Transgender equality: government moves forward with equality agenda
Author: Michael Briggs
Applies to: England, Wales and Scotland
The Government Equalities Office has now confirmed its action plan for transgender equality in their response to the previous Women and Equalities Committee (WEC) review.
In January 2016 we reported on the outcome of the House of Commons WEC transgender equality review (the report) which confirmed that transgender people continue to suffer prejudice in and out of the workplace. A recent example of such inequality was highlighted in our report on Bisson v Condor.
More recently, the Adult Psychiatry Morbidity Survey confirmed that nearly half (48%) of transgender people under the age of 26 say they have attempted suicide. In comparison, about 6% of all 16 to 24 year-olds say they have attempted suicide. These are worrying statistics and confirm the need for further action to achieve equality in this area.
Whilst the government's response indicates it will not fully address all of the concerns highlighted in the report, it does outline some positive steps towards transgender equality, including:
- a review of the Gender Recognition Act 2004 (GRA) to tackle unnecessary bureaucracy and to assess the need for medical checks. In particular, it is recognised that the existing medical and quasi-judicial system of gender recognition is damaging to those seeking to change their legal gender. A system based on self-definition has been proposed.
- a cross-government review on removing unnecessary requests for gender information, including within official documents such as passports.
- confirmation that gender dysphoria is not a mental illness, and that transgender people will receive support from gender identity services and improved training for NHS staff.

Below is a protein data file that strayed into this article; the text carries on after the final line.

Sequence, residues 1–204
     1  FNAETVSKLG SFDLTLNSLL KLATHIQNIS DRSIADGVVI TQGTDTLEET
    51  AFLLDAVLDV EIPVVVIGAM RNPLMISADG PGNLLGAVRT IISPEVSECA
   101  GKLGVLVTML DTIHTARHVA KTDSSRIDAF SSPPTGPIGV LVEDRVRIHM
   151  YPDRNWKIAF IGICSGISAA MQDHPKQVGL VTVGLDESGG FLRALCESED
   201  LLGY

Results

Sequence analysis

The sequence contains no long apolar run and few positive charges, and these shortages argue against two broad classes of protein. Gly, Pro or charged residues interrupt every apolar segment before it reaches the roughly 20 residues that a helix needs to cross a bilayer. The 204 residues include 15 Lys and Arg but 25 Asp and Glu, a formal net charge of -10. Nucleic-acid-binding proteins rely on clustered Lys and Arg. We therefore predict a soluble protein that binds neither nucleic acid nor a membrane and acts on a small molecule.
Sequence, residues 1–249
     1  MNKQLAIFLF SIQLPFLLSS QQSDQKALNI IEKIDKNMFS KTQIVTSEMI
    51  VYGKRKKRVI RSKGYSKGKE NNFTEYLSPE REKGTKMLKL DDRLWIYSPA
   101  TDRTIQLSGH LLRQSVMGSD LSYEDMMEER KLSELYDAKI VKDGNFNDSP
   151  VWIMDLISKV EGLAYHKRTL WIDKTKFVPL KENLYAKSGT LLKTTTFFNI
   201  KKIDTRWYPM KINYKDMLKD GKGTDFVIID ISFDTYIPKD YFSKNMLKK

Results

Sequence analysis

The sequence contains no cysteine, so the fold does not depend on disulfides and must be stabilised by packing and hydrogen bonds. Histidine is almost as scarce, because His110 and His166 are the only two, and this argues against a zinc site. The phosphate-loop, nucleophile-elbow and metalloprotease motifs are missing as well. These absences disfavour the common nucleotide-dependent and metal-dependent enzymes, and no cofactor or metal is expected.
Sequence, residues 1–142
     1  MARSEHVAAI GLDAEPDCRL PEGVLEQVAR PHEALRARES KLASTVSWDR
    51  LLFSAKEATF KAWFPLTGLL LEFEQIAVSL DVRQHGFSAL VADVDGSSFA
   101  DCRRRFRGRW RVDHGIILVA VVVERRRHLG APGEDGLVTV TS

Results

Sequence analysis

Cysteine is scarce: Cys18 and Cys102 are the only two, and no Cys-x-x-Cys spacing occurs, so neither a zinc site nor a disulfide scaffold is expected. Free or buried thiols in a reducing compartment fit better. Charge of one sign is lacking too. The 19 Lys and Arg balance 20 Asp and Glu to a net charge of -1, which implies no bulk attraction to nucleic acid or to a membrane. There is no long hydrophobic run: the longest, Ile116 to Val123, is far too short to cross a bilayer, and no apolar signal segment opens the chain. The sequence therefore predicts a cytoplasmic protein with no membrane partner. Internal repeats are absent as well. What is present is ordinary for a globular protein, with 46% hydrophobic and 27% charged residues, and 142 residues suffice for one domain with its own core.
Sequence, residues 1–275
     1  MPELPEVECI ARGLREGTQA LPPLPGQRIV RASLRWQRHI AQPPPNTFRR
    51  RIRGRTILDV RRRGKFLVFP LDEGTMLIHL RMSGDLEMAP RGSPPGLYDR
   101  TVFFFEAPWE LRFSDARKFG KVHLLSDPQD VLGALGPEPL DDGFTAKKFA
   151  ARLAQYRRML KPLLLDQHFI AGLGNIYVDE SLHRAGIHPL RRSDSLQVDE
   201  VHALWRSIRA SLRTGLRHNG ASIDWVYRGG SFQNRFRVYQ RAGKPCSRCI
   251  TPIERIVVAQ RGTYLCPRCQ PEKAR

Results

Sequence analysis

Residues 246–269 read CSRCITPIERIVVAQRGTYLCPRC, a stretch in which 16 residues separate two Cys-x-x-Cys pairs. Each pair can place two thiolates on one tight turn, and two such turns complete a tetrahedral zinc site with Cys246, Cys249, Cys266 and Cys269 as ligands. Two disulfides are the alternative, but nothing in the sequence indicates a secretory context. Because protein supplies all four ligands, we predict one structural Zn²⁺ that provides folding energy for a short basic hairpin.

- tackling harassment and bullying in higher education system, from secondary schools upwards.
- an assessment of the size of the UK's transgender population so future policy can be more evidence-based.
- the measuring and monitoring public attitudes towards transgender people.
All of the above is a significant step forward. However, not all the report's recommendations will be implemented. The report sought to extend the definition of 'protected characteristic' under the Equality Act 2010 to cover gender identity or gender expression, and not just limit the protection to transsexual people or those proposing to undergo, who are undergoing or who have undergone gender reassignment. The government's response determined that the legislation already provided adequate protection and therefore those who cross-dress or express themselves as transgender will continue to fall outside the scope of the definition and not be protected.
The discussions to address transgender equality between the transgender community and the government continue. In the meantime, what remains clear is that employers should ensure they foster an open, inclusive and supportive environment free from discrimination and that they have robust policies in place to deal with any such transgender situation with dignity and respect.
This document is for informational purposes only and does not constitute legal advice. It is recommended that specific professional advice is sought before acting on any of the information given.